Hertz, for example, has not been requiring foreign renters to have international driving permits, said spokeswoman Paula Rivera. So the suspension makes no difference.

“It didn’t have an effect upon us,” she said Friday.

Visitors who drive in Florida still must have a valid license from another U.S. state or territory or from their country of residence.

Harry Oberman, a retired telecommunications professional from Quebec who spends much of the winter in South Florida, said he worries that the law might still be enforced as long as it’s on the books. It’s a concern being expressed by fellow Canadians, he said in an interview from Hallandale Beach. A news story from a publication in Canada alerted him to the law this week.

“I was worried, the truth be said,” Oberman said. “Because I’m a very lawful guy.”

Read more Top Stories stories from the Miami Herald

FIFA  <span class="bold">World</span> <span class="bold">Cup</span> Trophy after its arrival at  <span class="bold">Miami</span> International Airport on April 15, 2014.

    World Cup

    Miami will be World Cup crossroads

    With air connections to 10 of the 12 Brazilian World Cup host cities, Miami will be promoting itself as a gateway to soccer action.

ALTERNATIVE CROP OF XLAT301 - FILE - This undated file photo of Colombian Nobel laureate Gabriel Garcia Marquez is seen in an unknown location. Marquez died Thursday April 17, 2014 at his home in Mexico City. Garcia Marquez's magical realist novels and short stories exposed tens of millions of readers to Latin America's passion, superstition, violence and inequality.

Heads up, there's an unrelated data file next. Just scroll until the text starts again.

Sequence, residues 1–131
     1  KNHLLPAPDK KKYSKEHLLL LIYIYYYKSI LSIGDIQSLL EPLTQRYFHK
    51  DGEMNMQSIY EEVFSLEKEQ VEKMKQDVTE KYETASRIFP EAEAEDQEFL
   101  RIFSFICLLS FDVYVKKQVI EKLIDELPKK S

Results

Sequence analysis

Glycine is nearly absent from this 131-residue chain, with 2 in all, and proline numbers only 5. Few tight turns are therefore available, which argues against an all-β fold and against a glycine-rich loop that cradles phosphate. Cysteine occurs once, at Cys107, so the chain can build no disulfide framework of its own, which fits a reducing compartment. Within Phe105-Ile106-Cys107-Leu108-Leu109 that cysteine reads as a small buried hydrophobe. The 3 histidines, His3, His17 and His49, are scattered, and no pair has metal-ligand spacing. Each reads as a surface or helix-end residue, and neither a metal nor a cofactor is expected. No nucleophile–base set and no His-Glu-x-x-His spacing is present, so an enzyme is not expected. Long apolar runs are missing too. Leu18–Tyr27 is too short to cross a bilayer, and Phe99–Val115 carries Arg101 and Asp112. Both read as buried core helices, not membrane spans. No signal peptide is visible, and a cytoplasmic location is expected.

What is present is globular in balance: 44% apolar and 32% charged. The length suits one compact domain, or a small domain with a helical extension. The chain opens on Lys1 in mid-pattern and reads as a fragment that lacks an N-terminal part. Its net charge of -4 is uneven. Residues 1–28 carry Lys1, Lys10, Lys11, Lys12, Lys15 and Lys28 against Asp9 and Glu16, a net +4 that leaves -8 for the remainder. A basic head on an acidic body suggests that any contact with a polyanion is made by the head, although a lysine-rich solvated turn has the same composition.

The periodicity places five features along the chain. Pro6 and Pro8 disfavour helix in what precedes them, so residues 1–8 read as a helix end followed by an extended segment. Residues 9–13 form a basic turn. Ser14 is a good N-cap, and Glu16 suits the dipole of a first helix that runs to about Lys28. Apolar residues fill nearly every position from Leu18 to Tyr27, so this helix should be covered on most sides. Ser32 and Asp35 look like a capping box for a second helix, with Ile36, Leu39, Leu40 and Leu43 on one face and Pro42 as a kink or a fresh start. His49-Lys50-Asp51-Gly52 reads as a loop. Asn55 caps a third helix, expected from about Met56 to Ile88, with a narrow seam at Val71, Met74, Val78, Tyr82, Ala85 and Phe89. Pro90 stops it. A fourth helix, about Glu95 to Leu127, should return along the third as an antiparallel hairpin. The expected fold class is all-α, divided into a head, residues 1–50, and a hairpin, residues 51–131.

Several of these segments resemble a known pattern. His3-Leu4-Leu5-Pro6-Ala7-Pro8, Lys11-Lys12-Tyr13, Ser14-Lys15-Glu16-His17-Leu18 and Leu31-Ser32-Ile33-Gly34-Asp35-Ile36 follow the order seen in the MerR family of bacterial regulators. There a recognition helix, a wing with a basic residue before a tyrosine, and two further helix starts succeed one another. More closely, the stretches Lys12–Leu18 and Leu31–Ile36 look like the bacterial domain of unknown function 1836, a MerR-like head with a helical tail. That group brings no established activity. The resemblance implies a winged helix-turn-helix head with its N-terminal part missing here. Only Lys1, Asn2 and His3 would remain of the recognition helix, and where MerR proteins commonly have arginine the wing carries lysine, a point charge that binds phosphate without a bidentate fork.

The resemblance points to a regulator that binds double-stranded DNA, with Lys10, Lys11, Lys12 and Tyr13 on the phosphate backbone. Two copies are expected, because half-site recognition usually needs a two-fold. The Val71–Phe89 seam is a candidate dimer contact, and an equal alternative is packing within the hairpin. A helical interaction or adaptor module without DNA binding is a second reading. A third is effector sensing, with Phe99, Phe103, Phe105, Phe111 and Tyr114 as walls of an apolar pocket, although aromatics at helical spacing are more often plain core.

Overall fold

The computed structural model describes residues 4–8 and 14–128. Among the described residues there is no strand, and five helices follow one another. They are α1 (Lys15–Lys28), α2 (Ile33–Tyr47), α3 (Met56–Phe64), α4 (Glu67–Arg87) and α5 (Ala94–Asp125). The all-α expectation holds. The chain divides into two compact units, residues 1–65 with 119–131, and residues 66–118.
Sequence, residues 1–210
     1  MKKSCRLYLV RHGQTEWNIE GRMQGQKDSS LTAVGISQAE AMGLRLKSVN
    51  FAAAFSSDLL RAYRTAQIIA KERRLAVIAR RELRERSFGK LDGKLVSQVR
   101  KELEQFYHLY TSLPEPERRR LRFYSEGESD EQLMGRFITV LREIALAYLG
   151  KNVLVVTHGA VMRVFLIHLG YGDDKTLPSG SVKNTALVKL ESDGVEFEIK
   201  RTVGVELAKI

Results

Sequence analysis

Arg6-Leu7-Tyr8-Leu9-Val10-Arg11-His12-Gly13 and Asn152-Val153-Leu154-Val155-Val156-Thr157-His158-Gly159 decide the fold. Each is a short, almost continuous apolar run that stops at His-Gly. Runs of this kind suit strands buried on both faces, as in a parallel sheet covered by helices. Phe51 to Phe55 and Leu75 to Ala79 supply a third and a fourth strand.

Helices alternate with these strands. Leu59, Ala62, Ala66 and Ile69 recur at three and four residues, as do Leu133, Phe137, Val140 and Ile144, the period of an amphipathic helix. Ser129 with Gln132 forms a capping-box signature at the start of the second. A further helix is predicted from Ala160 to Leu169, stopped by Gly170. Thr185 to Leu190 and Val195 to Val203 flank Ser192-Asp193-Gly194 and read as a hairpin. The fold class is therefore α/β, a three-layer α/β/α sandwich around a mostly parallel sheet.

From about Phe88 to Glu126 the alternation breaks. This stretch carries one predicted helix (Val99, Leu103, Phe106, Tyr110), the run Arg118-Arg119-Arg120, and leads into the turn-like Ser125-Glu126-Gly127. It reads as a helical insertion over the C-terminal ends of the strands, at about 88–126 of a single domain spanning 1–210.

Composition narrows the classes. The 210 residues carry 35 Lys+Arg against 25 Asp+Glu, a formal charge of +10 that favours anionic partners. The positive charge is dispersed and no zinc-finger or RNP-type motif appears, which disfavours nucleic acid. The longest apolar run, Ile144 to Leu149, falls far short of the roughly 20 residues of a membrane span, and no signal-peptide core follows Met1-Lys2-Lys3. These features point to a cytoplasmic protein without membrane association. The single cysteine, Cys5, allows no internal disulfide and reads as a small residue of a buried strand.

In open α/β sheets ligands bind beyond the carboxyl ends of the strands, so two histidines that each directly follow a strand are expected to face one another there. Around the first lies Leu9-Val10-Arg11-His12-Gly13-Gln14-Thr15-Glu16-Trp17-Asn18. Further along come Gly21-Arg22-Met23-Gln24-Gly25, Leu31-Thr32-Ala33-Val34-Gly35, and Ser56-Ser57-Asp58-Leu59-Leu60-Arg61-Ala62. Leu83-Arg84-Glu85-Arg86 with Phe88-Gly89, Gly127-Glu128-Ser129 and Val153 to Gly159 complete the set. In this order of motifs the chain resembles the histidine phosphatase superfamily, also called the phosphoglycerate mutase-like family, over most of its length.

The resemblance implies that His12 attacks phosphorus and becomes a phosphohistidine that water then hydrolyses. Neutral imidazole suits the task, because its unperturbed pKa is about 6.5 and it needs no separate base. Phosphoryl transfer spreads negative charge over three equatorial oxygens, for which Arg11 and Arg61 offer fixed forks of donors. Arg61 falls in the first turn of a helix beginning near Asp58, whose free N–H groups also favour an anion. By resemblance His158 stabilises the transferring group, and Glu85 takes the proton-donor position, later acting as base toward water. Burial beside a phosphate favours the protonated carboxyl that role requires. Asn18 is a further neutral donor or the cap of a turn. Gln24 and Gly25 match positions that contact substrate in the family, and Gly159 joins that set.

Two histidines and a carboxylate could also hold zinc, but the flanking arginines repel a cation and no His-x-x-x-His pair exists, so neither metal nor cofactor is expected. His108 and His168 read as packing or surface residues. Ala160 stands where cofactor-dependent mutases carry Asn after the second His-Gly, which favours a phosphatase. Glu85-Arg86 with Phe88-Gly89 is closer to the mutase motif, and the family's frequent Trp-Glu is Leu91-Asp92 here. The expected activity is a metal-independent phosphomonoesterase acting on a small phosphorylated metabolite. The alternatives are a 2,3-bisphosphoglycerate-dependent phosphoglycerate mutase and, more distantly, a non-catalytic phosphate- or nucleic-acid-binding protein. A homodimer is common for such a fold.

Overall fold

Garcia Marquez, Nobel laureate, dies at 87

    Nobel laureate Gabriel Garcia Marquez crafted intoxicating fiction from the fatalism, fantasy, cruelty and heroics of the world that set his mind churning as a child growing up on Colombia's Caribbean coast.

  • Miami Herald town hall focuses on protecting children

    A month after it began publishing the Innocents Lost series of investigative articles, the Miami Herald on Thursday is hosting a town hall meeting to discuss Florida’s failure to protect kids — and what might be done about it.

Miami Herald

Join the

The Miami Herald is pleased to provide this opportunity to share information, experiences and observations about what's in the news. Some of the comments may be reprinted elsewhere on the site or in the newspaper. We encourage lively, open debate on the issues of the day, and ask that you refrain from profanity, hate speech, personal comments and remarks that are off point. Thank you for taking the time to offer your thoughts.

The Miami Herald uses Facebook's commenting system. You need to log in with a Facebook account in order to comment. If you have questions about commenting with your Facebook account, click here.

Have a news tip? You can send it anonymously. Click here to send us your tip - or - consider joining the Public Insight Network and become a source for The Miami Herald and el Nuevo Herald.

Hide Comments

This affects comments on all stories.

Cancel OK

  • Marketplace

Today's Circulars

  • Quick Job Search

Enter Keyword(s) Enter City Select a State Select a Category